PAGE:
A carcinogen is defined as any substance that causes cancer. Such substances affect the metabolic process in DNA. Many elements in the environment act as carcinogens.
One of the first links observed by researchers between the environment and cancer
was radioactivity, a link made evident by the bombing of Hiroshima, Japan, during World War II. Following this event, the cancer rate in surrounding areas of Japan skyrocketed. Subsequently, many other environmental agents have been found to be carcinogenic as well. These include synthetic chemicals, sunlight, air pollutants, heavy metals, chemical pesticides, and cigarette smoke. Heavily industrialized areas often exhibit a higher cancer rate.
Cigarettes are the
leading cause of lung cancer, a dominant type of cancer in the United States. Not only smoking, but even secondhand inhalation of smoke has been found to be carcinogenic. Air pollution is a cause of cancer as well. Inhabitants of urban areas have a 33 percent higher risk of developing lung cancer.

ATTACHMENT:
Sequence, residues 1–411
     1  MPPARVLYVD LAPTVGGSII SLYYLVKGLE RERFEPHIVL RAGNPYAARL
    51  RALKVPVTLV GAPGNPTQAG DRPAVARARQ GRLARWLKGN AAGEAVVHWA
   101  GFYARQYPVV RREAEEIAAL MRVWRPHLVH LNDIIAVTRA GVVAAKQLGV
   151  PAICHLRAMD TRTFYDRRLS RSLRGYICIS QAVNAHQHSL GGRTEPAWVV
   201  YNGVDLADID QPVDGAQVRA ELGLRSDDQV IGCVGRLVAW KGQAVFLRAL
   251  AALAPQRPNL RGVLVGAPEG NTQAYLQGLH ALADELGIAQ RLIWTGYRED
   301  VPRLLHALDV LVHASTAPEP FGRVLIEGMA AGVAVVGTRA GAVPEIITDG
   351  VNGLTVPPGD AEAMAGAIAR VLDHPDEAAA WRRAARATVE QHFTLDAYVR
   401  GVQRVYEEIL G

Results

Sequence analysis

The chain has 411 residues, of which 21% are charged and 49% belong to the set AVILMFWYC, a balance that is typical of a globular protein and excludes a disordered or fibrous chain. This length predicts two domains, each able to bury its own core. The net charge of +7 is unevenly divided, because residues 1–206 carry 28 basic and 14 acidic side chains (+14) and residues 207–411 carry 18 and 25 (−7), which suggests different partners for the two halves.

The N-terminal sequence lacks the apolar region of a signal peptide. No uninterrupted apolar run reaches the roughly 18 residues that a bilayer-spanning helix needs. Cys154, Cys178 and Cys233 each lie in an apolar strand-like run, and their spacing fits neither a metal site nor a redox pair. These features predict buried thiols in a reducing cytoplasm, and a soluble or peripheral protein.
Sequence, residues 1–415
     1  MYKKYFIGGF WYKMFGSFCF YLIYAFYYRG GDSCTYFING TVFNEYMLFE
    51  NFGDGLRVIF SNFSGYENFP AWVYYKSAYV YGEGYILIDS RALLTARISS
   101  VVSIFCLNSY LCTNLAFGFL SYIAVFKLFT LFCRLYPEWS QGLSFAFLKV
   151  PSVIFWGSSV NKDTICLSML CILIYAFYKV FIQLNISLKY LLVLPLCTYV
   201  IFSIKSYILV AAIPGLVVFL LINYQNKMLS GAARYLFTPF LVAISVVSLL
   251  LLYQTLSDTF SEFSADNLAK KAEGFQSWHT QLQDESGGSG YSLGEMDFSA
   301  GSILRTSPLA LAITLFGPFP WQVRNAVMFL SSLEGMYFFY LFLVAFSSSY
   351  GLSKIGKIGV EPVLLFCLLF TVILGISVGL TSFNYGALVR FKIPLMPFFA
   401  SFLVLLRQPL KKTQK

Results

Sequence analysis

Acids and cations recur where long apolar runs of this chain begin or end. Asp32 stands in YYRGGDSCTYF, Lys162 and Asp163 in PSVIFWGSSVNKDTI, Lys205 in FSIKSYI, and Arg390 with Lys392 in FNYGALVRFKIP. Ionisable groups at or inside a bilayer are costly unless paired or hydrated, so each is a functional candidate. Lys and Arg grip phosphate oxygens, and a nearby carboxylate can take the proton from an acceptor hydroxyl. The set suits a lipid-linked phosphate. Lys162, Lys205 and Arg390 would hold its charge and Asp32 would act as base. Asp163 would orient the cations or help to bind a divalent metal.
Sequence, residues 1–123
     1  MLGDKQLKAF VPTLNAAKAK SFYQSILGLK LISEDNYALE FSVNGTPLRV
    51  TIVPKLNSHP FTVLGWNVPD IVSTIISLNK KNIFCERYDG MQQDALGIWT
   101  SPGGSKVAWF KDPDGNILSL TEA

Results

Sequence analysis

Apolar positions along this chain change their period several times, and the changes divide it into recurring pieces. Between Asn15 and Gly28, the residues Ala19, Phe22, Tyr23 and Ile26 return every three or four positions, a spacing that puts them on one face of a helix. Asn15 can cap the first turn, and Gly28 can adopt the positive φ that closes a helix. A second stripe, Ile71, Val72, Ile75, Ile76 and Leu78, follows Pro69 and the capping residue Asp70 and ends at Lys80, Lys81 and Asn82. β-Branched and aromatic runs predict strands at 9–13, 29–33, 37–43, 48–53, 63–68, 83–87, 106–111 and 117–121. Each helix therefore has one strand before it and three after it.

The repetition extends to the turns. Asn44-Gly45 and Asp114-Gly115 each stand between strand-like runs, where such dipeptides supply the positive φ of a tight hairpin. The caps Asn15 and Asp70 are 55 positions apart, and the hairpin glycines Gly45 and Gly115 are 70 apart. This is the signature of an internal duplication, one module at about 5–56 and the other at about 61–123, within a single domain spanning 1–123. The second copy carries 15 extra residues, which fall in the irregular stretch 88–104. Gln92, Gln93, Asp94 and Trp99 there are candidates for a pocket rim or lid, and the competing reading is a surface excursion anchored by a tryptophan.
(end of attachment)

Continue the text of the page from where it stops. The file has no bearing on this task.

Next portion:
Occupational exposure to various chemicals is also a cause of cancer. Before the Toxic Substances Control Act of 1976, potentially hazardous chemicals were often not tested before being put on the market, and carcinogenic substances, such as asbestos, led to many workers' deaths. Vinyl chloride, used in plastic production, and anesthetic gases from operating rooms, have been known to cause cancer among workers exposed to them. In addition, overexposure to ultra-violet radiation, as a
result of ozone layer depletion, is a leading cause of skin cancer.
The EPA on Carcinogens